Holding your nerve

We speak to Ram Menen, head of Emirates' cargo division, about the crisis afflicting the aviation industry and how he plans to navigate the operator through the next few months.
Ram Menen
Ram Menen


We speak to Ram Menen, head of Emirates' cargo division, about the crisis afflicting the aviation industry and how he plans to navigate the operator through the next few months.

It will come as no surprise to observers of the world economy in general and the airfreight industry in particular that even the most successful operators are expressing their doubts and concerns about the environment in which the aviation market now finds itself.

Embroiled in a crisis that has claimed the scalps of players both on the cargo and the passenger side, industry analysts are reluctant to offer predictions as to a possible end-date to a series of issues - labelled by some as ‘the perfect storm' - which seems more likely to get worse before it gets better.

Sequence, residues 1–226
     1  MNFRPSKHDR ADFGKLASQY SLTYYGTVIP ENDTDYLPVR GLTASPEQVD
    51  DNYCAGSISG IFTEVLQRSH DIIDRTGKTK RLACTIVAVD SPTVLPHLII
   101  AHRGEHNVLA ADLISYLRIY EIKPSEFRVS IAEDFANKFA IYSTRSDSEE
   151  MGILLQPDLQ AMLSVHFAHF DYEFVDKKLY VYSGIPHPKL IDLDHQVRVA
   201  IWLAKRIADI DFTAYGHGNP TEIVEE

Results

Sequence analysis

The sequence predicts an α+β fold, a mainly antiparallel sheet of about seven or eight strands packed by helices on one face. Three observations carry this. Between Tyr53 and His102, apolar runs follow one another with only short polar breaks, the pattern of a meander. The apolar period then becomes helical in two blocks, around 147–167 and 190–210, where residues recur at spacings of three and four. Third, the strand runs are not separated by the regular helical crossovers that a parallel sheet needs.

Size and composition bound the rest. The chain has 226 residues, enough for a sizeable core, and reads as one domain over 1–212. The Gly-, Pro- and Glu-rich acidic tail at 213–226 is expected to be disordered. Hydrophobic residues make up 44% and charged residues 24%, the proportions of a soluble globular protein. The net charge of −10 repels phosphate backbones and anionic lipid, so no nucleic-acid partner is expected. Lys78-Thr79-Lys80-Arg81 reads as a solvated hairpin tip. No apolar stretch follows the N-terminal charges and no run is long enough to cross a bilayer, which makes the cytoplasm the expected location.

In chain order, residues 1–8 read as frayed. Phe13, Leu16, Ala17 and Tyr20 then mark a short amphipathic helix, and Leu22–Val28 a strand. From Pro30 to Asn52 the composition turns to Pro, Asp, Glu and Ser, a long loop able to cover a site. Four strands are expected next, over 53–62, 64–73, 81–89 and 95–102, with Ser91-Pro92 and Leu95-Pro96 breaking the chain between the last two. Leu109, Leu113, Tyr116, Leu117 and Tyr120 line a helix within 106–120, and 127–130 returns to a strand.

The IATA prediction that the industry would suffer an overall loss of US$2.3 billion - and this based on the assumption that a price of Brent crude is valued at $106.5 - starts to look worryingly optimistic when one considers that the recent oil price has rarely dipped below $135 and in mid-July hit a new peak of just over $147.

"For every dollar the price of fuel increases, our costs go up by $1.6 billion," warned IATA CEO and director-general Giovanni Bisignani back at the beginning of June. Given that no analyst would bet against the oil price breaching the $150-a-barrel ceiling, plus the ever-expanding concerns of the environmental lobby, the abyss now facing airline executives can seem on occasion to be bottomless.

But are we looking at a sustained slump, or simply a particularly deep trough in what might be termed the inherently cyclical movements in global economic currents? Air Cargo Middle East & India last month took the opportunity to speak to one of the airfreight industry's most successful operators, Emirates' divisional senior vice president for cargo, Ram Menen.